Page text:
John Merrill (politician)

From Wikipedia, the free encyclopedia
Jump to navigation Jump to search

John Merrill
53rd Secretary of State of Alabama
Assumed office
January 19, 2015
Governor Robert Bentley
Kay Ivey
Preceded by James Bennett
Member of the Alabama House of Representatives
from the 62nd district
In office
Preceded by Gerald Allen
Succeeded by Rich Wingo
Personal details
Born (1963-11-12) November 12, 1963 (age 54)
Wedowee, Alabama, U.S.
Political party Republican
Democratic (formerly)
Spouse(s) Cindy
Children 2
Education University of Alabama (B.A.)

John Harold Merrill (born November 12, 1963) is an American politician serving as the 53rd and current Secretary of State of Alabama since 2015. He is a member of the Republican Party.

Early life[edit]

Merrill was born in Wedowee, Alabama, and raised in Heflin, Alabama. His father served as the Cleburn County Circuit Clerk and a probate judge. He graduated from Cleburne County High School and the University of Alabama. Merrill interned for the United States Congress from May to July 1983, where he met U.S. Representative William Flynt Nichols, who became his mentor. Merrill interned for U.S. Senator Howell Heflin in 1984. He served as the president of the University of Alabama's Student Government Association from 1986 to 1987.[1]


Merrill served as the spokesperson for the Tuscaloosa County School District, and as a Business Development Officer for the First Federal Bank in Tuscaloosa.[1] He was elected to represent the 62nd district in the Alabama House of Representatives in the 2010 elections having previously ran and lost for the same seat in 2002 as a Democrat.[2] He served in the Alabama House for a single term from 2010 through 2014.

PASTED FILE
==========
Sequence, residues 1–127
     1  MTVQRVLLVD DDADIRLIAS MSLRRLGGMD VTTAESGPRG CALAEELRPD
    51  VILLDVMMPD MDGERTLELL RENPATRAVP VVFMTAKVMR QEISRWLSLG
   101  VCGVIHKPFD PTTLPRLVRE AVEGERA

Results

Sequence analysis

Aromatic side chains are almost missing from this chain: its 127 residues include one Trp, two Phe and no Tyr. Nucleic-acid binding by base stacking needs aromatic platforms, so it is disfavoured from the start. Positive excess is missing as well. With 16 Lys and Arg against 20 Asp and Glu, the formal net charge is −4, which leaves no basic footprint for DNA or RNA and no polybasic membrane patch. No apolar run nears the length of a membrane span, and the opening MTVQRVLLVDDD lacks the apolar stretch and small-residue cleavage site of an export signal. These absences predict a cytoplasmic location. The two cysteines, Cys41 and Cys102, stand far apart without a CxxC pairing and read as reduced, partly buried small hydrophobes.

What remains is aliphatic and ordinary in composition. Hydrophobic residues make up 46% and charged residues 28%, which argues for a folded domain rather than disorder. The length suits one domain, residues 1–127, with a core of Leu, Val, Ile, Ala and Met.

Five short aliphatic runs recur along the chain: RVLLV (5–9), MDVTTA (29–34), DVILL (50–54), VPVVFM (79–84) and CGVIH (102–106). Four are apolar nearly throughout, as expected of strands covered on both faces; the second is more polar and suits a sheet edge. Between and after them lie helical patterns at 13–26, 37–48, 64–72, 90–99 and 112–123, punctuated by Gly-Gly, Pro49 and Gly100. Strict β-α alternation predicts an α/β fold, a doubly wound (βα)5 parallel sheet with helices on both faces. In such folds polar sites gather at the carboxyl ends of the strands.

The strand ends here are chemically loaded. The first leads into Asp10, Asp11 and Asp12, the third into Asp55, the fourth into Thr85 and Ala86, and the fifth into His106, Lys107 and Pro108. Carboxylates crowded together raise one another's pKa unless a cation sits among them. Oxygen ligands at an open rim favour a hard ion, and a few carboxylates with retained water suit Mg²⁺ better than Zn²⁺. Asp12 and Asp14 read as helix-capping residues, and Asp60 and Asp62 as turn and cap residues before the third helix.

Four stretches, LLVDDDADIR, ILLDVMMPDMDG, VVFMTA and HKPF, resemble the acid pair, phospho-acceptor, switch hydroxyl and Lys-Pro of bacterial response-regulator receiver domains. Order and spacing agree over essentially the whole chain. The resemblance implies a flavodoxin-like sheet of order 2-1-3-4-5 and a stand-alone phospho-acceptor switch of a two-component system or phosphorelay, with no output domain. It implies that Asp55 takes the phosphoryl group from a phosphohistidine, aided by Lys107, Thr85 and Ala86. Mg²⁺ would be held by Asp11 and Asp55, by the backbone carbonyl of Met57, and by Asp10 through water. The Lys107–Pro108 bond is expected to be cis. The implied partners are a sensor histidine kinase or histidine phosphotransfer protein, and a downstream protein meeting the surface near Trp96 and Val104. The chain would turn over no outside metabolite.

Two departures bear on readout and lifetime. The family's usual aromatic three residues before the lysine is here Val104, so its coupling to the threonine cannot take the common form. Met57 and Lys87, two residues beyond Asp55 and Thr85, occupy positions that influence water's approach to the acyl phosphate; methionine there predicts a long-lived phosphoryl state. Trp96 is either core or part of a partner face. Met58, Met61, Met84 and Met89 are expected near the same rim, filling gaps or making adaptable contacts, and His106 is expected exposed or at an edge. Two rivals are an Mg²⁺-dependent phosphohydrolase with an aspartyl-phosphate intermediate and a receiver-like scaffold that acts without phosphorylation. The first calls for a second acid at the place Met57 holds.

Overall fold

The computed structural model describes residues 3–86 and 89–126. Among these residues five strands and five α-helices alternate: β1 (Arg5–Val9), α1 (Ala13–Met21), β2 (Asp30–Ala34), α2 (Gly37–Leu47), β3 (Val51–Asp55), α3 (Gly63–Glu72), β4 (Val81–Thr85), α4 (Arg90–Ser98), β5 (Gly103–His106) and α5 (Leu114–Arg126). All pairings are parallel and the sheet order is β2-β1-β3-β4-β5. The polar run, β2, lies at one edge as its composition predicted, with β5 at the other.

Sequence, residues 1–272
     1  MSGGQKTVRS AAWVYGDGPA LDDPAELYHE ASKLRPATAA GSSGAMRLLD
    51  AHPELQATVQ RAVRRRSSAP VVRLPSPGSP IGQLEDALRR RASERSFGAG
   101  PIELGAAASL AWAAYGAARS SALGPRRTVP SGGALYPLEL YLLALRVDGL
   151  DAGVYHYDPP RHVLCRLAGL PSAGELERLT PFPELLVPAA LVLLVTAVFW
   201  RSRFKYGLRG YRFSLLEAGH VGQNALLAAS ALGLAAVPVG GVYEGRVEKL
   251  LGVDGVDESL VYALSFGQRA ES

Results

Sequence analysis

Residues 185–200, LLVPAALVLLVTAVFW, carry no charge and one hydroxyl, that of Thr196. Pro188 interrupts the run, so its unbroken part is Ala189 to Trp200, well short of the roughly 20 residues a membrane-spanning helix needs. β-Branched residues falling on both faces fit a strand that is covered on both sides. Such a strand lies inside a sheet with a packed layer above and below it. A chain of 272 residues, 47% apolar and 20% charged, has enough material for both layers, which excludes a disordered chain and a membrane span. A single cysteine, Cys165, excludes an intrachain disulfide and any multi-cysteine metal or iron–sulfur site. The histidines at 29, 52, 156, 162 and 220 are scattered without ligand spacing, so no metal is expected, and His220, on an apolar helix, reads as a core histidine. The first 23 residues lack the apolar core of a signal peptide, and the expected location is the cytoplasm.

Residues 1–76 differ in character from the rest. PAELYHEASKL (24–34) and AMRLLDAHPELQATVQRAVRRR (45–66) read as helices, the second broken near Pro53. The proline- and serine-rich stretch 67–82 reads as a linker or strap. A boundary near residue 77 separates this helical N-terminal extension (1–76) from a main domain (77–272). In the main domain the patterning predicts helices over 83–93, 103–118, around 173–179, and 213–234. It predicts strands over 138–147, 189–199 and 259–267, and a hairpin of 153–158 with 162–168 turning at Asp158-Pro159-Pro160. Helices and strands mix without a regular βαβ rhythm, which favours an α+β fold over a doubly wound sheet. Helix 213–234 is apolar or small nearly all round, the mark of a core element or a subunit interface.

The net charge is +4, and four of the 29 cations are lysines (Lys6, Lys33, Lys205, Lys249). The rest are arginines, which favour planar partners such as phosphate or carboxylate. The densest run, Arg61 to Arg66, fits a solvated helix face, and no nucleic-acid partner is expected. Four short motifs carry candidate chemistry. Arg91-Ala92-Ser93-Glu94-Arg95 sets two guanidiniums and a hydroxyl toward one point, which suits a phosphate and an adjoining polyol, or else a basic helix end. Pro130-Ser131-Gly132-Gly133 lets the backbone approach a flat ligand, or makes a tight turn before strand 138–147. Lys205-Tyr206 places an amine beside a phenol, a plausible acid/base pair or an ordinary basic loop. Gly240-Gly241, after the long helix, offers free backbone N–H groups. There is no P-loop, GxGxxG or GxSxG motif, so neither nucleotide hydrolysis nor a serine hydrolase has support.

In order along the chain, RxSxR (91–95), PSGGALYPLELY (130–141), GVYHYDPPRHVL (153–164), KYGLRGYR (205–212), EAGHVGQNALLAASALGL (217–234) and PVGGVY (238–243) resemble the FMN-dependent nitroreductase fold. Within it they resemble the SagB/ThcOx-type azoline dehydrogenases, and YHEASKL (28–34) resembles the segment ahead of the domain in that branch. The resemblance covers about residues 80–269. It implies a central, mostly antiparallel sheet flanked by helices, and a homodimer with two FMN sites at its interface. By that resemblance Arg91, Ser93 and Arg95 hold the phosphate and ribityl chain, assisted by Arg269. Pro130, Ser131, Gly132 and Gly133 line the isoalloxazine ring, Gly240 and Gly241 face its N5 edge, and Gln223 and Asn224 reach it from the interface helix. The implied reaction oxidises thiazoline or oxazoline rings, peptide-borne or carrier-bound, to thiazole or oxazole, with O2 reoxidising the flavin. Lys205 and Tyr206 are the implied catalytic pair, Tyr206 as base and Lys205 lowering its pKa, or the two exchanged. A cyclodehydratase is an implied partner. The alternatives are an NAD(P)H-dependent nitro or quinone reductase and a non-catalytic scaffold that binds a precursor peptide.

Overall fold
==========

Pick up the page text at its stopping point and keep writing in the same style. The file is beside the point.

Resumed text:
Merrill has admitted to an inappropriate sexual relationship with a woman in 2010 and claims to have been the subject of a political smear because of his actions.[3]

Merrill announced in January 2013 that he would run for Secretary of State of Alabama in the 2014 elections.[2] In the Republican Party primary election in June 2014, Merrill finished in first, advancing to a runoff election in July,[4] which he won.[5] In the general election on November 3, 2014, he defeated Lula Albert-Kaigler, the Democratic Party nominee with more than 60% of the vote.[6] He succeeded James R. Bennett who had been appointed to the office to fill out the remainder of the term of the previous incumbent Beth Chapman.

Election oversight[edit]

(See also: Elections in Alabama)

Voter access[edit]

A 2016 study of the content and quality of Alabama's county voting and election websites found statewide problems with information they provide voters. Their evaluation of the relationship between voting systems and "demographic, socioeconomic, partisan, and participatory composition" of counties showed "limited voting and election information and are not in full compliance with accessibility, usability, and mobile readiness standards. Further, the extent to which voting and elections information is provided, is related to county composition."[7]